The truth is, banning Africa Magic channel from showing Nigerian movies won’t revive Nollywood’s CD sales. The only way to solve the problem is by making quality content to the new smart and ever evolving tech savvy audience by adapting your movies to the web and the new lifestyle of the viewers (Njoku 1).

Towing this line of argument, the renowned Nollywood female director, Amaka Igwe affirms that,

The internet will be very important in the near future for further distribution. We can already see the inroads made by the likes of IrokoTV. I believe that this is the time to start looking at legislation and rules of engagement for online distribution (Seun para. 8).

Also, Idachaba believes that,

In this era of globalization, the Nigerian film industry must find a place in the global market, if it is to actualize its commercial viability. The content industry is without doubt a huge market globally…. They are essentially a market for co-producing, buying, selling, financing and distributing contents. It provides for people involved in… content production and distribution industry, a conference and networking forum for discovering trends, and trade content rights on a global level. It is indeed a potential market for Nigerian video film to find buyer and platforms that can enrich their viability (168).

To Andy Amenechi, this digital distribution platform,

…implies a world where information and content is digitized, personalized and accessible ‘on-demand’ via multiple fixed and mobile platforms and devices. It is a world where the user is actively engaged, contributing to and interacting with services rather than passively consuming them. This has resulted in a fundamental shift in the way that users consume, perceive and value content and services. Ironically, this challenge also offers the most outstanding opportunity and prospect that has ever presented itself to Nollywood (25).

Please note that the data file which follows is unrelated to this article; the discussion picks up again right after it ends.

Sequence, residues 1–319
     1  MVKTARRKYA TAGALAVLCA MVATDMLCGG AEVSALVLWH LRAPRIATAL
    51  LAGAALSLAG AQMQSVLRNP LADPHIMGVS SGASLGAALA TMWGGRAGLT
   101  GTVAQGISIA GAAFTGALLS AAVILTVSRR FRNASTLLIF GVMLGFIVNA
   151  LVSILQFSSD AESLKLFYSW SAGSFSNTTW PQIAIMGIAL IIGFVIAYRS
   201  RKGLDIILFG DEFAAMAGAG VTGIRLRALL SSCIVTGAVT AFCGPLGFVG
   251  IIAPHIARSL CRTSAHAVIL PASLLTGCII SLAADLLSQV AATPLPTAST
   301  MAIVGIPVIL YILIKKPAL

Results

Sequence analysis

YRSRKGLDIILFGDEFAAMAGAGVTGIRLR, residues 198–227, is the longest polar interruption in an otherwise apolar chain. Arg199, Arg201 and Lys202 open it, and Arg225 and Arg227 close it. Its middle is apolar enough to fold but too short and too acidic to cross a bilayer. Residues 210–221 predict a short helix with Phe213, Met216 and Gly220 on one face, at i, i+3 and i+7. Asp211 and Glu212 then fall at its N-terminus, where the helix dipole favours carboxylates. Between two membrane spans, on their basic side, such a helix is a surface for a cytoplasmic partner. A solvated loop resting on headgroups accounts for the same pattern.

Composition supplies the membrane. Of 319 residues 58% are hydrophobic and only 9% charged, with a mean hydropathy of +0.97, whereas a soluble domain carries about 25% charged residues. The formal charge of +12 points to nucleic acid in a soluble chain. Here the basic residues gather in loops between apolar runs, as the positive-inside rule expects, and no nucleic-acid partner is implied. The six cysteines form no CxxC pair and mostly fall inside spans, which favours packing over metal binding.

The list is truly endless. Online distribution and content delivery platforms are here to stay. This is one truth that Nollywood filmmakers should accept and brace up to because “the existing traditional distribution system has been stretched to its limit, unable to satisfy the every growing audience Nollywood has generated, all over the world” (Amenechi 25). Amenechi further advices that Nollywood filmmakers should really take cognizance of, and brace up to the digital revolution to stimulate alternate distribution channels and generate new revenue streams. The only issue to tackle about this is how to fashion out workable rules of engagement that will benefit the industry and the stake holders.

Most importantly, New Media may be our God-sent answer against piracy of intellectual property in the Nigerian Film Industry. It is now evident that the so-called war against piracy in Nigeria is an inside joke, the punchline of which nobody has whispered to the filmmakers... With that reality, it behooves on content producers to become more creative in areas of finding solution to this quagmire. It is time for a radical idea shift; from giving possession right to audience (to own the DVDs) to giving just rental or viewing rights on platforms that are mostly virtual i.e. internet, mobile devices, etc., on a pay-per-view basis. This kind of thinking helps to bypass the pirates to a large extent. Since at no point will video Discs exchange hands, they will have no platform to ply their evil trade, yet, contents get to the target audience (Odugbemi 6).


There is still hope in tackling the piracy issue in Nollywood. If the military government of General Murtala Mohammed sincerely fight traffic congestion in Lagos; if NAFDAC under Dora Akunyeli couldy surmount all odds to seal the Onitsha Head Bridge Drug Market; and if the civilian government of Babatunde Raji Fashola can subdue the notoriety of Oshodi then, all hopes are not lost on the piracy war in Nigeria. As Chairman of the Performing and Mechanical Rights Society (PMRS), Tony Okoroji expressed similar optimism say: